Women’s Incomes Improve When Democrats Hold Public Office, Study Finds
In an increasingly polarized political system, Democratic control has a meaningful impact on narrowing the gender gap
New research from the University of California San Diego reveals that Democratic control of state houses leads to substantial improvement in women’s incomes, wages and unemployment relative to men.
The study, to be published in Legislative Studies Quarterly, finds that especially in the recent period of pronounced partisan polarization, Democratic house control helps close the gender inequality gap. Across all states, women’s wages averaged only 70 percent of men’s wages in 2018, but just a few years after Democrats are elected in a state, that gap typically declines by 3.6 percentage points. Additionally, the researchers estimate that a slim Democratic majority in the house—as opposed to a slim Republican majority—leads to a 2.6 percent point reduction in the overall income gap between men and women.
“No voting bloc is more important in American elections than women,” said first author Zoltan Hajnal, a professor of political scientist at UC San Diego’s School of Global Policy and Strategy. “With women accounting for more than half of all votes, small shifts in the female vote can and likely will determine who wins in November.”
Hajnal and co-author John Seungmin Kuk of the University of Oklahoma also assessed whether Democratic or Republican control of the White House could be linked to gains or declines in gender inequality, and the same pattern emerged. Over the last half century, women’s incomes grew almost twice as fast under Democratic administrations than they did when Republicans held the Oval Office. The average gain in income for women was $443 per year under Democrats but only $284 per year under Republicans. And, poverty as well as unemployment rates also fell among females under Democratic administrations.
To test whether Democratic or Republican control of state houses impacts gender inequality, the authors tracked male and female wages, income, poverty, and employment in each state annually for the last five decades. Specifically, they looked to see if women were catching up to men faster when Democrats controlled the levers of state power then when Republicans did.
Their assessment was made by comparing changes in gender equality in states where Democrats barely won a majority in the House to states where Republicans barely won a majority. Further comparisons revealed that that Democratic control of the state House leads to significant improvement in female income (relative to male income), significant declines in female unemployment (relative to male unemployment), and near significant declines in the wage and poverty gaps.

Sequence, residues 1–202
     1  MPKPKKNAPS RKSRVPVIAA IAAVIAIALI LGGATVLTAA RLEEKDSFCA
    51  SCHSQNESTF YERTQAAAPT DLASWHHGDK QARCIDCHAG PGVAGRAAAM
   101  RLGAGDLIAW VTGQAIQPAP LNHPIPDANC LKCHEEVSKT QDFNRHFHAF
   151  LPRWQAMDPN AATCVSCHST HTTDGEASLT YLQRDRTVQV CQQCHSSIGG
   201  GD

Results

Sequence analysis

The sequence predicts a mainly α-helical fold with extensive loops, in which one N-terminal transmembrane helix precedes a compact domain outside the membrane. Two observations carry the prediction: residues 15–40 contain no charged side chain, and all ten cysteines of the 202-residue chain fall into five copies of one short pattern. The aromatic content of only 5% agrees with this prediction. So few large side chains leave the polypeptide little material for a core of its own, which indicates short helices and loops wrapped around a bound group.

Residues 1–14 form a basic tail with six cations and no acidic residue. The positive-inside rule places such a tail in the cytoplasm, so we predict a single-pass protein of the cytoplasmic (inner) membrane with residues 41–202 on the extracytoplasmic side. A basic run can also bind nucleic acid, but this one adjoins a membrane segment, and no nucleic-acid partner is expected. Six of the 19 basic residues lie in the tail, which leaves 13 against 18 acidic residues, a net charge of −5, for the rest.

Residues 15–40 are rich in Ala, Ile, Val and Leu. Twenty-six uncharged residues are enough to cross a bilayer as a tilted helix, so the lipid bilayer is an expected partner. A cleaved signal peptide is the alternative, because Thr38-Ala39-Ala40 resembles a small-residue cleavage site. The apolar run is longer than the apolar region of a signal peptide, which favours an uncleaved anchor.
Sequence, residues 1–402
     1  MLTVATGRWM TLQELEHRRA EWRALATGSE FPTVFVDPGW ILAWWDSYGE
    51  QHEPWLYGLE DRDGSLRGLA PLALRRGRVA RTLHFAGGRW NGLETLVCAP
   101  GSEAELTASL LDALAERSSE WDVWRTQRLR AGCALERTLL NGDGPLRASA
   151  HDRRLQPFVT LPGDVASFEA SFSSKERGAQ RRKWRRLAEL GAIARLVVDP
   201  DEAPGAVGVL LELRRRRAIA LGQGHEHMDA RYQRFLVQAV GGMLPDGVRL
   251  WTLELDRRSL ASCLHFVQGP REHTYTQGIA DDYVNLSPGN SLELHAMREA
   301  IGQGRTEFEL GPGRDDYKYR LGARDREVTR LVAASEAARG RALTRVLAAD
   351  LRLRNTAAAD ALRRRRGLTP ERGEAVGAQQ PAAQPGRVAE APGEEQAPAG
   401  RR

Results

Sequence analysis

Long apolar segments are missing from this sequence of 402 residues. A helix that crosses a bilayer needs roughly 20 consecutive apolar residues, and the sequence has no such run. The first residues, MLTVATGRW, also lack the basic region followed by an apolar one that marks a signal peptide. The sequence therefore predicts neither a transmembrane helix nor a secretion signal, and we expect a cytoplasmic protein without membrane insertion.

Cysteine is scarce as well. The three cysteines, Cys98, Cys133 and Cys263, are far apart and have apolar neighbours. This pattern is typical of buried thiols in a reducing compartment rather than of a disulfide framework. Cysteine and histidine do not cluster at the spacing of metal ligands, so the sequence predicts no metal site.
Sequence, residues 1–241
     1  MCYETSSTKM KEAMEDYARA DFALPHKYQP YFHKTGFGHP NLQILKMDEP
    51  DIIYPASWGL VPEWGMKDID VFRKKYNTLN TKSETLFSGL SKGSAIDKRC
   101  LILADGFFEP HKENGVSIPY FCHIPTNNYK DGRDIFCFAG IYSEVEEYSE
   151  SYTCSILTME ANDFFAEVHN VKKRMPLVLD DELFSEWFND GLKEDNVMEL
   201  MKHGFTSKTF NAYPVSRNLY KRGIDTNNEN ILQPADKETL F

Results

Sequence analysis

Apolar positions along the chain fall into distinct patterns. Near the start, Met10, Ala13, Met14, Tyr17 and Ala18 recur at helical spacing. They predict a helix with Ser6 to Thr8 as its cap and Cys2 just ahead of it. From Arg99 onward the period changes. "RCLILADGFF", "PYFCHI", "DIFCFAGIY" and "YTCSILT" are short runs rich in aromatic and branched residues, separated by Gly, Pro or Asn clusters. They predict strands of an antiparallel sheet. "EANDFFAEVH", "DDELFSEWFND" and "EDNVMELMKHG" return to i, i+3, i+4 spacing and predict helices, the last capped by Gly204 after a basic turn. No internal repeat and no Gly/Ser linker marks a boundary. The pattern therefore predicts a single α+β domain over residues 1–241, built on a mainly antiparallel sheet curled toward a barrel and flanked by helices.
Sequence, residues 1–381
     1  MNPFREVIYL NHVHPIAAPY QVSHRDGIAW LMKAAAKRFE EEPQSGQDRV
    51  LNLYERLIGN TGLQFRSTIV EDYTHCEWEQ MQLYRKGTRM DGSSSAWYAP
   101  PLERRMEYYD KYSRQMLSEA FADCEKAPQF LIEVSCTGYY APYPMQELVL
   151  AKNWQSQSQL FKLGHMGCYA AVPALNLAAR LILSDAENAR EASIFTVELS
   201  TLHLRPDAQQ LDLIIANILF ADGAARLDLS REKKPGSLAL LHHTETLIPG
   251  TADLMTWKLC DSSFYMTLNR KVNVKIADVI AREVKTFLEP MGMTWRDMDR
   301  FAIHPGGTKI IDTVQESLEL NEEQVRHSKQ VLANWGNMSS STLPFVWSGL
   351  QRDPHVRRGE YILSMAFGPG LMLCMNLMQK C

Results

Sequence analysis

“Just one year of Democratic control leads to a one percentage point increase in the female-male income ratio, a 0.7 percentage point decline in the wage gap, a 0.4 percent decline in the female-male employment gap, and a .28 percent decline in the male-female poverty gap,” the authors wrote.
A gender gap that is no longer narrowing
These trends could be critical in closing the gender wage gap. The study points to ample evidence that women who work in the same job with the same level of experience still get paid considerably less than men. For example, National Women’s Law Center recently estimated that women typically have to work 50 years to make what a man earns in 40 years. Moreover, there is evidence that after declining for many decades, the gap is no longer narrowing.
Several factors contribute to pronounced inequity, such as the fact that women are much more likely than men to be family caregivers means that the gender gap widens after women become mothers. However, 38 percent of the gender wage gap cannot be explained by factors that are easily measured such as occupation, educational attainment, or years of experience.
So, what do Democrats do differently to help close the gender the gap? While the researchers could not definitively answer this question, they find two factors are associated with the gains for women under Democrats.
“The first is gender policy,” they write. “Democratic control of the state houses leads to significantly more liberal policies on gender discrimination and access to family planning. The other factor is female representation. We find that having more women in office also leads to more liberal gender policy and likely contributes to improvement on basic economic indicators for women.”
However, just having more women hold office isn’t necessarily the answer, according to the data.
“Any impact of female legislators is entirely contingent on having Democrats control the house majority,” they write. “Having women in office greatly matters for gender policy, but only when Democrats control the agenda.”
While Democratic vs. Republican control has meaningful effects for gender equality in some cases, it does not in others. Partisan control of the governor’s office appears to have no clear impact on gender equality, and the same could be inferred regarding state senates. Data limitations prevented the authors from directly assessing the effect of Democratic control of the state senate, but their exploratory analysis revealed no clear effects.
Yet, they conclude that parties appear to have more meaning now as polarization has increased, relative to how a less-divided political system operated for much of the 20th Century.